Tag Archives: louisiana

We’re So Sorry About Louisiana’s Senator John Neely Kennedy

New Orleans      Those of us who live in Louisiana or care about the role of the state and its people in public affairs are just as sorry as we can be every time our junior Senator John Kennedy tries to take the stage with cameras running to provide the sordid sideshow commentary about the impeachment, the President, or almost anything else.  When Ronald Reagan or Sony Bono were elected to federal offices, it was clear voters, right or wrong, were pulling the lever for entertainers who had become politicians.  Somehow Louisianans who voted for Kennedy, right or wrong, thought they were voting for a seasoned politician to represent the state’s interest in Washington and now discover we’ve humiliated ourselves as he’s decided to act as some kind of cross between country bumpkin, horse’s butt, and total dufus.

He thinks he’s a quipster and comedian of some sort tossing out one-liners here and there appropriate for nothing.  We knew this was coming when he said he would rather drink weed killer than support Obamacare, and he didn’t stop even when many roared, “Please!”  As the Bayou Brief reviewed his act,

It’s part of a carefully, albeit mysteriously, calculated image to portray a well-educated professional politician as a cracker barrel philosopher; a character straight out of the long-running teevee show, “Hee-Haw.” In short, our senator and former state treasurer thinks he’s Grandpa Jones only without the banjo and the droopy mustache:.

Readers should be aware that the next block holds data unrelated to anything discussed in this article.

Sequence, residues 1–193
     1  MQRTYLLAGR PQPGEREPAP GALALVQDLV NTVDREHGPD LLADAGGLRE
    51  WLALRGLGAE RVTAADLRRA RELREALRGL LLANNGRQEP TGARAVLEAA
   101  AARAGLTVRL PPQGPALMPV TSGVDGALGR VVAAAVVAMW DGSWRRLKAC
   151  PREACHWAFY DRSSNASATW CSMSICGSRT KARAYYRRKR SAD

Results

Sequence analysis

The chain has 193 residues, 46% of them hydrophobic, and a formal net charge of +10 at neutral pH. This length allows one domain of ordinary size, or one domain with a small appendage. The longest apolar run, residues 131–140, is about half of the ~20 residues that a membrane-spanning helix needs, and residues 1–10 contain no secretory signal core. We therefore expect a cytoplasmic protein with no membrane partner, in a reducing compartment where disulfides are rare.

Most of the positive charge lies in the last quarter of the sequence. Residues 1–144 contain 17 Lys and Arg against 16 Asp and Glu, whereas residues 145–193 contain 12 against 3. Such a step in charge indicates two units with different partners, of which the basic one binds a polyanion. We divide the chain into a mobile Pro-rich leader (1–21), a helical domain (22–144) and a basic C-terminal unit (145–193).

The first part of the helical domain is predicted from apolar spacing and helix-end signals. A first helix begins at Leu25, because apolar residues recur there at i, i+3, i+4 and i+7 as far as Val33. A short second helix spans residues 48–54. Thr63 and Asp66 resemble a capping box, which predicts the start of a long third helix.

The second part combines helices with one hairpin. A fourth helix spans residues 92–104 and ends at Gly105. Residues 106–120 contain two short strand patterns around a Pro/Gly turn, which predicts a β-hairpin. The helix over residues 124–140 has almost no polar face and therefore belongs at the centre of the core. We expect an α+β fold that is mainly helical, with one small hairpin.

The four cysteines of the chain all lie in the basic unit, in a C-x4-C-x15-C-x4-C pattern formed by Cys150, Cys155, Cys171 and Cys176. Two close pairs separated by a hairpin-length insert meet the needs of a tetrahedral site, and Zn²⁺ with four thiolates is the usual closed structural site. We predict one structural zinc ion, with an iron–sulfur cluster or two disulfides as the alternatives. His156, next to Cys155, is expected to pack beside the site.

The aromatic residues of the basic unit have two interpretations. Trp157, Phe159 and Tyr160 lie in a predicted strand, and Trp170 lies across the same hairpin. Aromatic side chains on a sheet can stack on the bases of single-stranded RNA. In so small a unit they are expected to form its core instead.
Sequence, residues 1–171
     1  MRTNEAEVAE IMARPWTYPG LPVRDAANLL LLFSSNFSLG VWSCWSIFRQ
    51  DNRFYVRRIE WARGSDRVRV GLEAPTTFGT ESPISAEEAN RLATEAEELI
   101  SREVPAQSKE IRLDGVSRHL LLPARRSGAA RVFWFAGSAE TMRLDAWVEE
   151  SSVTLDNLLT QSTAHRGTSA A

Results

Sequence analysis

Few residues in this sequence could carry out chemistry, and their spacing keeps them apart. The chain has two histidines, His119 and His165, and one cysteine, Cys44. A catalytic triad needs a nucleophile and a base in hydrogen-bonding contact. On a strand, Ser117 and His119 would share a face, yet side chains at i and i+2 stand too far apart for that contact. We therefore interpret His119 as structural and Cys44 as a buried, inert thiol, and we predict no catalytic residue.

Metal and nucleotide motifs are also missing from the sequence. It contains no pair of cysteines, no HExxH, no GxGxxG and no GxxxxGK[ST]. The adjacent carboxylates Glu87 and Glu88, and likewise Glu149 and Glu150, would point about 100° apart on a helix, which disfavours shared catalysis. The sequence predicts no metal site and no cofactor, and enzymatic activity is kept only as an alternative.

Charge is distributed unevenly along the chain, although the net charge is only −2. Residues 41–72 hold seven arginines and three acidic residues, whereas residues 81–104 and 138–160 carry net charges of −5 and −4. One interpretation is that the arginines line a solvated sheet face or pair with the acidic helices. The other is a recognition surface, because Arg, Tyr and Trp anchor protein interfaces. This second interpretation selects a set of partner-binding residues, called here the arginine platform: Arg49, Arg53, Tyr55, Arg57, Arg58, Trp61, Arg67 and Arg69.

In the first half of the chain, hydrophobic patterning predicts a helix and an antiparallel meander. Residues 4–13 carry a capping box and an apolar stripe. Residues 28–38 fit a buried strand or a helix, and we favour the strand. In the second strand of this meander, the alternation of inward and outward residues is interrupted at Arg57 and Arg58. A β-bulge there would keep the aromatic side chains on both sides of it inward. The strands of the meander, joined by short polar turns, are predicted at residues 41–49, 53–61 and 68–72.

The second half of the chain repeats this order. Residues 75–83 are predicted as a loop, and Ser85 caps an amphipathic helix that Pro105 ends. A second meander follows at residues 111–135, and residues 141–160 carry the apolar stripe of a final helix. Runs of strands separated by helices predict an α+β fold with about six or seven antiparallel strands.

Stephanie Grace, a columnist for the local paper in New Orleans in a rarity, stepped out of her comfort zone recently and zinged Kennedy for trying to act the “class clown,” and worse for being a dupe or a shill for the President’s widely discredited Russian coverup fantasy that Ukraine rather than the Kremlin was behind all of the 2016 monkey-business and election interference.  As Grace writes,

…he is a shape-shifter, a worldly scion of Vanderbilt University, the University of Virginia School of Law and the University of Oxford who adopts an aw-shucks demeanor on television, and a former moderate Democrat who put his finger to the wind and tacked hard to the right.

Worse, with impeachment soon heading for the US Senate, who is going hold the hook that pulls Kennedy and his act off the stage so serious business can be conducted?

We’ve been there and done that before, but Huey Long was an original, and that was last century.  He was also a brilliant politician with his finger on the pulse of peoples’ pain and aspirations.  Those were different times.  There’s no going back.

In 2019, there’s no traction in being a cornpone, country hick in a state like Louisiana trying to move forward rather than backward.  Lil’ Abner’s Dogpatch is hardly making it in Arkansas, and only Dolly Parton can be the impresario of Dollywood, but if John Neely Kennedy wants to audition for a part in some atavistic Louisiana hayride role, he should get on with it, rather than practicing that shtick in Congress. The people of Louisiana and America, frankly, deserve better than a comedy act when it comes to dealing with the current tragedy of our government.